Death Row Convict Back in Court After Former City Attorney's Alleged Flub
Barry Williams spent 30 years on California's death row at San Quentin State Prison for killing a rival gang member in 1982. But now the South L.A. gang member is in Los Angeles County Jail, awaiting a July court date. Terry Thornton, a press deputy for the California Department of Corrections and Rehabilitation, says Williams is in the midst of a retrial.
Officials at the Los Angeles County District Attorney's Office were unable to confirm this. But a Superior Court spokeswoman said that Williams had been in court Friday morning and was scheduled to return either July 25 or July 28. Los Angeles County Sheriff's Department inmate records show Williams behind local bars on no bail.
A retrial could be seen as a black mark for former L.A. City Attorney Carmen Trutanich. A judge last year threw out Williams' conviction because Trutanich, then a gang prosecutor in the DA's office, allegedly failed to fully disclose the name of a witness.
"Trutanich's failure at trial," U.S. District Judge David O. Carter wrote in his ruling, "was deeply troubling."
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A witness named Patricia Lewis had testified that she saw Williams shoot victim Jerome Dunn from a vehicle driven by a woman named Jean Rivers. However, Rivers was an alias, and her true name was allegedly kept from the defense.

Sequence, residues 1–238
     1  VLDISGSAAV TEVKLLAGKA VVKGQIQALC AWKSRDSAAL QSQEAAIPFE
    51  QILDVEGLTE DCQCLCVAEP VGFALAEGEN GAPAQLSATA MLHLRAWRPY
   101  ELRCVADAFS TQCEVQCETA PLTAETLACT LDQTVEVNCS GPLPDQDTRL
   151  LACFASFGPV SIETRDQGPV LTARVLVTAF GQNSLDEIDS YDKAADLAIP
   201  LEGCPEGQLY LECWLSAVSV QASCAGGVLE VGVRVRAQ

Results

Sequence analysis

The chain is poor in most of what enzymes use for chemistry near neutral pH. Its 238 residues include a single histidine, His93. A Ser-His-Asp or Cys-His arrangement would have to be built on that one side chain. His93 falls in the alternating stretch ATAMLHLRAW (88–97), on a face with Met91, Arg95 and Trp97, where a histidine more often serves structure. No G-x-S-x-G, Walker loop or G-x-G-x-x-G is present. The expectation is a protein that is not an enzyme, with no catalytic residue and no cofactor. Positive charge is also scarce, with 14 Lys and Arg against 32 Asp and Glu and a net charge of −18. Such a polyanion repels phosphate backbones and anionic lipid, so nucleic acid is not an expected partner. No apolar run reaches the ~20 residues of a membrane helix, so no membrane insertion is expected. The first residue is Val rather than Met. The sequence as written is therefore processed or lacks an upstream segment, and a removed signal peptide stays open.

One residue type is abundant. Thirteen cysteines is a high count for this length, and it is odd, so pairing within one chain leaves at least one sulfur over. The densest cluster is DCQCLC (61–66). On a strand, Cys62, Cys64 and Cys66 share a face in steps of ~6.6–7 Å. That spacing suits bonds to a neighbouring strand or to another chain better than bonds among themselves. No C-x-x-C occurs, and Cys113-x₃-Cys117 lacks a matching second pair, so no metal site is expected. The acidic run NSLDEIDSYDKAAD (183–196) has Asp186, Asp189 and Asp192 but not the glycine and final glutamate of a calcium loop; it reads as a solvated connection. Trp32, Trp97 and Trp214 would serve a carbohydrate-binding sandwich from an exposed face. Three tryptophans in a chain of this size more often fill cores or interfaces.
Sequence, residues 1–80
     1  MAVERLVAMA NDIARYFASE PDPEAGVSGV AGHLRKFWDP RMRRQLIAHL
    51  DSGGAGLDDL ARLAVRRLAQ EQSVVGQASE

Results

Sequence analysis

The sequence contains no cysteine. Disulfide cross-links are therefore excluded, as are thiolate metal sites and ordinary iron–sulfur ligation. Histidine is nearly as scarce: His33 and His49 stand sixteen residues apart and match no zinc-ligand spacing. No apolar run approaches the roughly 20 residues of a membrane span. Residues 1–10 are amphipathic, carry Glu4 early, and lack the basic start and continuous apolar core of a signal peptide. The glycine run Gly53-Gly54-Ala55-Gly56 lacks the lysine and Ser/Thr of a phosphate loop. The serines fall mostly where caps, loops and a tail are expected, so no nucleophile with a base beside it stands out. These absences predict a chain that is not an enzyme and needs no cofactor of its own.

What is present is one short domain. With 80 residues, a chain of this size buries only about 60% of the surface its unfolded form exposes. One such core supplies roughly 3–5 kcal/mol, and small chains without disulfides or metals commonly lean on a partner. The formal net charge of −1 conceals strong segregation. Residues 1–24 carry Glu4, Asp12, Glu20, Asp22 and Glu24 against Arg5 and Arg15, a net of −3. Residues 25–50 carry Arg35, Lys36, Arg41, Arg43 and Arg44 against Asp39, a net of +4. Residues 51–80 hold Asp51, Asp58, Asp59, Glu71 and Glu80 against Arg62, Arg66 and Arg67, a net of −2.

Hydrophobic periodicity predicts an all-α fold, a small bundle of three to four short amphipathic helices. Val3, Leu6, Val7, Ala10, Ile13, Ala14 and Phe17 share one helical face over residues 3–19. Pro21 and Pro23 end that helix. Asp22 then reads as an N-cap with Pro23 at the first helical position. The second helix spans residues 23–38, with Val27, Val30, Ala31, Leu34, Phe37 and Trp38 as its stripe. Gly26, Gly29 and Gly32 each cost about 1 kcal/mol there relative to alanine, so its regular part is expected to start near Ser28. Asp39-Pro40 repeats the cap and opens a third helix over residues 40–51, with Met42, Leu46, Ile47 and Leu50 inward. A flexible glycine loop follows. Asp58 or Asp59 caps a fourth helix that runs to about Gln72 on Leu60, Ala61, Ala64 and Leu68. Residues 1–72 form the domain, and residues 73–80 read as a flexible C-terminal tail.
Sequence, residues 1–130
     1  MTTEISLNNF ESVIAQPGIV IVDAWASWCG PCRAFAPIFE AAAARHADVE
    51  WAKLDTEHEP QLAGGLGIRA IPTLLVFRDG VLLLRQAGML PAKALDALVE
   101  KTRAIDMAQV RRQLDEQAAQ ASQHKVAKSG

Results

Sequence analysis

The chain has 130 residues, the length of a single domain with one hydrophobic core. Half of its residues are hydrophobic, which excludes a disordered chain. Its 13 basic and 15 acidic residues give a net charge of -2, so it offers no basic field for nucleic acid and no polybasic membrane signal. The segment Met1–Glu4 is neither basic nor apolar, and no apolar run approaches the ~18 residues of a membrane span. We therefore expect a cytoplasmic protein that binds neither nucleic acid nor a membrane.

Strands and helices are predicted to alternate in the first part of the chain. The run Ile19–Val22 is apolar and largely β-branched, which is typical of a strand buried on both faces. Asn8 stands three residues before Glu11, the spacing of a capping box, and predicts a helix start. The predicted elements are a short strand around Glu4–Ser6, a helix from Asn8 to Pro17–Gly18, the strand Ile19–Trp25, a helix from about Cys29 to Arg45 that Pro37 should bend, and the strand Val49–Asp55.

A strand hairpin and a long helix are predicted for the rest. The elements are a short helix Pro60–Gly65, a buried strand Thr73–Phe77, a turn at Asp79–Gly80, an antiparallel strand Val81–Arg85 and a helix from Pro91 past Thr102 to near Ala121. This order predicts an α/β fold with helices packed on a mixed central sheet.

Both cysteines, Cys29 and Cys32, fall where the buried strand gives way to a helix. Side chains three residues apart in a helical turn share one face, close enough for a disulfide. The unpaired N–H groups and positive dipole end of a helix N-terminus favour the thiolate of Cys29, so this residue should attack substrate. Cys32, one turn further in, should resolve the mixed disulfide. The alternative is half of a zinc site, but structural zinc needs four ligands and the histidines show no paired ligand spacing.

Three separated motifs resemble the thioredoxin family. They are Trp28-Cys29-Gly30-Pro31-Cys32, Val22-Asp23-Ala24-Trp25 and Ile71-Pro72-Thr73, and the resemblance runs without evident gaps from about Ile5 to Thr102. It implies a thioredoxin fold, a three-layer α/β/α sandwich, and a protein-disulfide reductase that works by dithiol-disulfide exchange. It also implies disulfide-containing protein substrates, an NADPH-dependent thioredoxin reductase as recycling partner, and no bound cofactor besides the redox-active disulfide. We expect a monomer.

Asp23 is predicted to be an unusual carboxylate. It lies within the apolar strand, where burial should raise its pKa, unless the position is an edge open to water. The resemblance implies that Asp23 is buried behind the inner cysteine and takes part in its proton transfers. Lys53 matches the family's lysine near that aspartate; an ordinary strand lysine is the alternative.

That and other alleged improprieties were enough to overturn the conviction and get the State Bar to levy against Trutanich allegations of suppression of evidence, moral turpitude and presenting false testimony. The former city attorney, who used Williams' conviction as part of his successful, tough-on-crime run for that office in 2009, has denied wrongdoing and is fighting the State Bar's misconduct charges. That matter is scheduled to be heard Aug. 28, says Laura Ernde, managing director of communications for the Bar.
Williams was a member of the Neighborhood Family Swan Bloods and Dunn was a Grape Street Crip from nearby Watts. A 1981 shooting that claimed the life of Grape Street Crip Donald Billingsley was tried separately and got Williams life behind bars on top of his death row status.
Gang expert Alex Alonso, a professor of Chicano and Latino studies at Cal State Long Beach, says giving Williams a second chance in the case is the right thing to do. "They make it very difficult for a gang member to put up a fair defense," he says.
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